else have very different social dynamics from huge communities with
hundreds or thousands of users, who inevitably form disconnected
cliques. Keeping communities small encourages civillity and
cooperation, and makes it easier to build consensus around how the
community should behave.
Finally, small colonies mean that even a medium-sized overall
community will necessarily be spread over multiple servers, which is a
Q9. Why is spreading the community over multiple servers a good thing?
Putting all your eggs in one basket is never a good idea. A
distributed community is a resilient community. If users are spread
out over multiple, independently administered servers, then only a
subset of users will be effected in the event of:
* Server downtime
* Server data loss
* Admin illness or death
* Abuse of admin power
Spreading the community over multiple servers also allows for greater
diversity. Some of this diversity might be technical. For example,
the Zaibatsu runs GNU/Linux while the Republic runs FreeBSD and the
Soviet runs OpenBSD. Using different operating systems on different
colonies gives choice to users with different preferences, and also
encourages software written by sundogs (see Q12) to be made easily
portable across systems, which is a good trait for software to have.
Other diversity might be in administrative policies.
Q10. Will there be a limit to how many colonies are created?
The current plan is to limit the total number of sundogs to around
150 (https://en.wikipedia.org/wiki/Dunbar's_number), which probably
means three or four colonies in total, depending on how many users
individual admins decide to accept. Certainly no more than five.
Q11. You said something about side projects?
In addition to colonies, circumlunar space contains so-called
"outposts", which are non-shell servers operated by sundogs. Outposts
offer various additional services to the circumlunar community, beyond
what the colonies offer, such as XMPP chat, webspace, or alternative
gopherspaces with new and unusual means of management.
If you're a sundog with an idea for a new outpost, please get in touch
Q12. You said something about writing software?
A central tenet of circumlunar space is that the software which makes
the colonies interesting and fun places to spend time should be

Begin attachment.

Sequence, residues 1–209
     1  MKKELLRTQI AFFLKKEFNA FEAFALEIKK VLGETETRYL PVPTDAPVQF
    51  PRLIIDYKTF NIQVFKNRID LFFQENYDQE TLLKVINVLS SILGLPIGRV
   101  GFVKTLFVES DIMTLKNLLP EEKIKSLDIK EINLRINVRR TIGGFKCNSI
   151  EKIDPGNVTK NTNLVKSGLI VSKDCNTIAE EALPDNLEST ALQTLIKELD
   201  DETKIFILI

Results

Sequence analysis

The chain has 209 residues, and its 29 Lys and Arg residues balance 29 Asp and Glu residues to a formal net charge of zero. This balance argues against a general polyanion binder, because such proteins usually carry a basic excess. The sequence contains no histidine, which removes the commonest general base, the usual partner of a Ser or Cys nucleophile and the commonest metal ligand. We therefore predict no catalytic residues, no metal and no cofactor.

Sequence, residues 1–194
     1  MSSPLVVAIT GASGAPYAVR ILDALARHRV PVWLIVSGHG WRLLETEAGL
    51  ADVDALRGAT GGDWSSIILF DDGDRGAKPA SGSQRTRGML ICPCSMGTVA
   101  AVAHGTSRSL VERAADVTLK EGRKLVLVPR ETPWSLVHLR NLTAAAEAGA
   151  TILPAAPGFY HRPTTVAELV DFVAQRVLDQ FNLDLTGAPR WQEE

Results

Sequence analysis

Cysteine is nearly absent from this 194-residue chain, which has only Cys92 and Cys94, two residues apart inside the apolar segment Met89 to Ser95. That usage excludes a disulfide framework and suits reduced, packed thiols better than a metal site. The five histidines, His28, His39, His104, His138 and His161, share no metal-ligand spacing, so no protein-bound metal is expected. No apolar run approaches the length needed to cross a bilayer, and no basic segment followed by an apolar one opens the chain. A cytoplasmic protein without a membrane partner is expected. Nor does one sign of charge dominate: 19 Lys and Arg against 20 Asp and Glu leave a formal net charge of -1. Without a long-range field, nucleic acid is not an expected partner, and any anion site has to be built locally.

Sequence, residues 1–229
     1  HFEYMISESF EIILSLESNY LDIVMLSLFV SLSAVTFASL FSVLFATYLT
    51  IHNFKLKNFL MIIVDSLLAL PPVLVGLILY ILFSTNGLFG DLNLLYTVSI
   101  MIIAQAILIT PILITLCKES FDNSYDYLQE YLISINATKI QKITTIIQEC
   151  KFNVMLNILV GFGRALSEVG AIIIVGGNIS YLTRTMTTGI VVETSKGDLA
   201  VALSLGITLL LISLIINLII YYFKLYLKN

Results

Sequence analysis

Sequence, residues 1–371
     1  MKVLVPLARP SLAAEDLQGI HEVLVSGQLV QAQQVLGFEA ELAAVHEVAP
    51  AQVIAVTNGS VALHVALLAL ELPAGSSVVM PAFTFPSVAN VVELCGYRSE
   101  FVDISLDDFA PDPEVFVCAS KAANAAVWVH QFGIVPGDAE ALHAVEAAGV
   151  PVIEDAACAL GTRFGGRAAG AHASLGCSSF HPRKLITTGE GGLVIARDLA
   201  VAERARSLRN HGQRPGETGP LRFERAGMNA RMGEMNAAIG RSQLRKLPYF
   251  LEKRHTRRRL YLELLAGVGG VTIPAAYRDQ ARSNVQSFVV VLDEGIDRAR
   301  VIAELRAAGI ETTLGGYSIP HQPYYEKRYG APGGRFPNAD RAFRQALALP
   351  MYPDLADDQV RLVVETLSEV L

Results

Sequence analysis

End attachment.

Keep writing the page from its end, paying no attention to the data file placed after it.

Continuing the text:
written by the users, for the users, and should be openly shared with
other pubnixes. This is a strong contrast with SDF, where much of the
core user experience is provided by proprietary software like BBOARD
and COM. See gopher://zaibatsu.circumlunar.space:70/1/software for
software developed so far.
Q13. Is Circumlunar Space a totally closed-off "walled garden", like
Compuserve and similar services from the early internet?
Not quite! Some things, like our BBS and IRC network, are not
accessible from the outside world. However, the circumlunar colonies
exchange email with, and allow outgoing SSH connections to, a small
number of other pubnix communities. Thus, we are not quite an
isolated cloister, but also not wide open to the world.
Q14. Who is in charge of circumlunar space?
In principle, nobody is in charge of the entire thing, and that's by
design. The colonies, and for the most part the outposts, are
independently administered. No server admin can force any other
server admin to do anything they don't want to, and nobody has the
power to shut the whole thing down.
In practice, solderpunk owns the circumlunar.space domain name, and
therefore has some kind of overall power in deciding whose hosts get
to be colonies and outposts. He promises not to be a jerk about it,
1.15 A hypothetical future FAQ: I want to join circumlunar space, but
all the colonies are full and no more will be created because the
magic limit of 150 sundogs has been reached! What do?!
Setup your *own* confederation of independently administered but
tightly interconnected public access unix servers! Or find somebody
else who has, and join it. We'll happily exchange email with you, at
the very least. Do some things like circumlunar space, but do other
things differently! There is no need for everybody on the internet to
belong to the one same big "thing". Blaze your own trail. Make new
friends and learn new lessons doing it. Leave your own mark on the